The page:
/>
X

Photos: Sundance pans in on tech

Between panel discussions and online offerings, technology is in the spotlight at the Sundance Film Festival, which runs through Sunday in Utah.
bill-detwiler.png
By Bill Detwiler on
13331.jpg
1 of 6 Bill Detwiler/ZDNet

downtown Park City

The 10-day Sundance Film Festival, put on by Robert Redford's Sundance Institute, takes place annually in Park City, Utah. During last year's festival, some 45,000 film aficionados ascended on the otherwise quiet ski resort town. This year's festival kicked off on Thursday, Jan. 19, and runs through Sunday, Jan. 29. This picture was taken downtown on Sunday morning, Jan. 22, before the crowds came out in full force.

13332.jpg
2 of 6 Bill Detwiler/ZDNet

Mossberg panel

Walt Mossberg, personal technology columnist for The Wall Street Journal, moderated a panel discussion on Saturday, Jan. 21, about "Cinema on the move: New mobile technologies and the next wave of filmmaking."

13333.jpg
3 of 6 Bill Detwiler/ZDNet

podcast panel

Weblogs Inc. founder Jason Calacanis (center) moderated a panel discussion Sunday on "Podcasting, Vlogging and the Freedom of Speech." Other panelists, from left to right, included video podcaster Anni Rudegair (aka Soccergirl), Webcasting pioneer Ken Rutkowski, Atom Entertainment founder Mika Salmi and "Four Eyed Monster" filmmaker Susan Buice.

13334.jpg
4 of 6 Bill Detwiler/ZDNet

Digital cafe

Sundance festival-goers take advantage of free Internet access at the Digital Cafe, sponsored by Hewlett-Packard. The cafe is located in the festival's Film Center, which is also home to panel discussions and forums, hands-on workshops, and an array of cameras and projectors.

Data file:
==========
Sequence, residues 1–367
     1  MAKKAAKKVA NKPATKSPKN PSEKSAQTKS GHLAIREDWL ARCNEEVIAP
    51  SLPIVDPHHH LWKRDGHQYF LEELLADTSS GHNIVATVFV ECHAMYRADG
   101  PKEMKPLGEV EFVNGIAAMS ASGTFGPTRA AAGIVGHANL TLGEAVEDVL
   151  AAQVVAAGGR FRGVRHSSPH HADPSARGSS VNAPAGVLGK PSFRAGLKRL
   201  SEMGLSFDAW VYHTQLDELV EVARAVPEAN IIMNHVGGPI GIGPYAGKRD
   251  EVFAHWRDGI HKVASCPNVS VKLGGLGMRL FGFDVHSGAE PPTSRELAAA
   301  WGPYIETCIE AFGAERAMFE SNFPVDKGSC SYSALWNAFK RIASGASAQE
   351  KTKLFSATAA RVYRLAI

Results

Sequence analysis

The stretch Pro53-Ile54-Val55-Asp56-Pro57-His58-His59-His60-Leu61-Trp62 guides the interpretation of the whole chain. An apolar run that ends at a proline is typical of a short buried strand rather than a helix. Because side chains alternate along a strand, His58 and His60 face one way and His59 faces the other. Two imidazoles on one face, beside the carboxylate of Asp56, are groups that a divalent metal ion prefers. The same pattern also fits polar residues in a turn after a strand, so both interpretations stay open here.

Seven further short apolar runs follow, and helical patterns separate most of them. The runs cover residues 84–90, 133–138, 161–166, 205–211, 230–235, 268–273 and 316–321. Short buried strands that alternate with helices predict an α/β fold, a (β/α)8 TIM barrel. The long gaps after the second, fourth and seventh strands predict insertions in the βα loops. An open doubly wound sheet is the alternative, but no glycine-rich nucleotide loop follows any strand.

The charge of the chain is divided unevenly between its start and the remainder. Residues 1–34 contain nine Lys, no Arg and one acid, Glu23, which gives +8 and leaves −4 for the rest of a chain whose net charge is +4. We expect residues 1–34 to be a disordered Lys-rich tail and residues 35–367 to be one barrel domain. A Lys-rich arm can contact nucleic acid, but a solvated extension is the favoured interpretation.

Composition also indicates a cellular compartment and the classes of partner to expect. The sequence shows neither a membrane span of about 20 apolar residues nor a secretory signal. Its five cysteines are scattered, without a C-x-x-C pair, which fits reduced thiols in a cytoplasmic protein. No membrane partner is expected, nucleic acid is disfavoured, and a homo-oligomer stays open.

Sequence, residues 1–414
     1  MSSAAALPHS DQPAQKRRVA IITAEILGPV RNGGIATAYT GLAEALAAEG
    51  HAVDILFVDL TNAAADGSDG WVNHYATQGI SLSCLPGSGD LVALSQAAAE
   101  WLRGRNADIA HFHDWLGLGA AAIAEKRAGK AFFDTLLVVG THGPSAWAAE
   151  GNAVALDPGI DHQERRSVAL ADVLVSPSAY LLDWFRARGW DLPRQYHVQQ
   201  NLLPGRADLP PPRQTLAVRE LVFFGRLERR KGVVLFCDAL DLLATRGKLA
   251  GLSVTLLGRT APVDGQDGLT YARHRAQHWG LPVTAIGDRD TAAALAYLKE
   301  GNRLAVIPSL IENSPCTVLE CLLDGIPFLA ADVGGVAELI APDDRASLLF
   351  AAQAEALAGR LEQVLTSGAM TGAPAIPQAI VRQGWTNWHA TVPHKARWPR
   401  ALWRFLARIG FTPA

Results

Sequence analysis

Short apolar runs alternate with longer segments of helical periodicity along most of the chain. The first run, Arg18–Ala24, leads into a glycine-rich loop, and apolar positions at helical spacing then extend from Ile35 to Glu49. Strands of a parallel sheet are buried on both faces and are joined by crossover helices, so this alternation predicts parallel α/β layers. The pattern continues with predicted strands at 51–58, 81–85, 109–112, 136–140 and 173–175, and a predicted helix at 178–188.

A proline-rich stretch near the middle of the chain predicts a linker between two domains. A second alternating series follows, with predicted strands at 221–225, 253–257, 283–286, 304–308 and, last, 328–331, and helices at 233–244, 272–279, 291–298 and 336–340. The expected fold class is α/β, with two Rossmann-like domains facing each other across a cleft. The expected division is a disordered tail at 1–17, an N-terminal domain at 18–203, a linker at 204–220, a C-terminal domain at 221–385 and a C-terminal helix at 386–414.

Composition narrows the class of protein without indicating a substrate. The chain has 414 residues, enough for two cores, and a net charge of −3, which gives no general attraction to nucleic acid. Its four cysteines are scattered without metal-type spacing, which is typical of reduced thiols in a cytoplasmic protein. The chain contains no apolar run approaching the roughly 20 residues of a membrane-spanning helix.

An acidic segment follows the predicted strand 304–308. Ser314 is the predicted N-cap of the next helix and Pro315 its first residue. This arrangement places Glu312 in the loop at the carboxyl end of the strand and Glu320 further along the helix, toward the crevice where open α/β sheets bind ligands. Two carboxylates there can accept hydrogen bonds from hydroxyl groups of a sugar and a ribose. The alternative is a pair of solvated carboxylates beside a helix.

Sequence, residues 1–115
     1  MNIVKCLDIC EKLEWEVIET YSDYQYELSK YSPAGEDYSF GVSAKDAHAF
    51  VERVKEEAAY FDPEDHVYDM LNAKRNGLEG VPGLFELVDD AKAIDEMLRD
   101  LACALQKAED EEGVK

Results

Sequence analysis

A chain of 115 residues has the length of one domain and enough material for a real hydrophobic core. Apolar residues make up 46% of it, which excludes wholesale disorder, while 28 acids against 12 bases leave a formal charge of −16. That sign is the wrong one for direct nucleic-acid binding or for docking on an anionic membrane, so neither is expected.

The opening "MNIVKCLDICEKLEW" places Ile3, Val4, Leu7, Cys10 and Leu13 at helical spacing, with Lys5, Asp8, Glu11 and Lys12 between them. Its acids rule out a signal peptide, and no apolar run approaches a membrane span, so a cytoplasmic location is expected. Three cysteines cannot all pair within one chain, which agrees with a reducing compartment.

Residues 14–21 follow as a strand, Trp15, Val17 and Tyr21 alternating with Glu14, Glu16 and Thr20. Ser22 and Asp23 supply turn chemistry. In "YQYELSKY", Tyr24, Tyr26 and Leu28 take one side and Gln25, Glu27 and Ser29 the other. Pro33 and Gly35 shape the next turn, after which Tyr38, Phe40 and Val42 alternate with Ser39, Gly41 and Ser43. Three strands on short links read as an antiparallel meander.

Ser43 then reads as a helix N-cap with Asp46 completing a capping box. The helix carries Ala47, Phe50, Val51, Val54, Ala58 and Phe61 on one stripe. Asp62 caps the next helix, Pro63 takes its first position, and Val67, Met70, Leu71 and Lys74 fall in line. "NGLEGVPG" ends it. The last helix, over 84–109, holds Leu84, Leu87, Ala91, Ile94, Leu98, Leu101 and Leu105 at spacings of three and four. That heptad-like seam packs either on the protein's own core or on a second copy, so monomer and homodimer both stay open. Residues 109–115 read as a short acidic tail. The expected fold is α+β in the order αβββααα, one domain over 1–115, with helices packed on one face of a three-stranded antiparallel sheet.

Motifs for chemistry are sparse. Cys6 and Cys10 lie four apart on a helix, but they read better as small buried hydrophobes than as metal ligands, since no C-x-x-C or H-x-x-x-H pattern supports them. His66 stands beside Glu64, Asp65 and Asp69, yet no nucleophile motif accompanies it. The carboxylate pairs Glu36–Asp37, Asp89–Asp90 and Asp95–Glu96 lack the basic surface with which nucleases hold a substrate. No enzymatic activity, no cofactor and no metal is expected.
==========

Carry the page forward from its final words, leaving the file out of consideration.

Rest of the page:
13335.jpg
5 of 6 Bill Detwiler/ZDNet

The Tribe

To the left is a still from the "The Tribe," an 18-minute short directed by Webby Awards founder Tiffany Shlain, right, and one of 50 short films streamed on the Sundance festival Web site. The Tribe is described by Sundance as "an unorthodox, unauthorized history of the Jewish people." It points out the irony that the Barbie doll, the Aryan-looking symbol of the ideal American woman, was created by a Jewish woman.

13336.jpg
6 of 6 Bill Detwiler/ZDNet

The Pity Card

Here we see a still shot (left) from "The Pity Card," a 12-minute film directed by comedian Bob Odenkirk (right), of "The Ben Stiller Show" fame. The film depicts a guy who recalls his mistake of taking a first date to the Holocaust Museum.

Related Galleries

Hyundai Ioniq 5 and Kia EV6: Electric vehicle extravaganza
img-8825

Related Galleries

Hyundai Ioniq 5 and Kia EV6: Electric vehicle extravaganza

26 Photos
A weekend with Google's Chrome OS Flex
img-9792-2

Related Galleries

A weekend with Google's Chrome OS Flex

22 Photos
Cybersecurity flaws, customer experiences, smartphone losses, and more: ZDNet's research roundup
shutterstock-1024665187.jpg

Related Galleries

Cybersecurity flaws, customer experiences, smartphone losses, and more: ZDNet's research roundup

8 Photos
Inside a fake $20 '16TB external M.2 SSD'
Full of promises!

Related Galleries

Inside a fake $20 '16TB external M.2 SSD'

8 Photos
Hybrid working, touchscreen MacBook hopes, cybersecurity concerns, and more: ZDNet's tech research roundup
Asian woman working at a desk in front of a computer and calculator

Related Galleries

Hybrid working, touchscreen MacBook hopes, cybersecurity concerns, and more: ZDNet's tech research roundup

8 Photos
Developer trends, zero-day risks, 5G speeds, and more: Tech research roundup
Person seated at a booth in a cafe looks at their phone and laptop.

Related Galleries

Developer trends, zero-day risks, 5G speeds, and more: Tech research roundup

10 Photos
Drive Electric Day: A dizzying array of EVs in sunny Florida
ca3b4019-26c5-4ce0-a844-5aac39e2c34b.jpg

Related Galleries

Drive Electric Day: A dizzying array of EVs in sunny Florida

16 Photos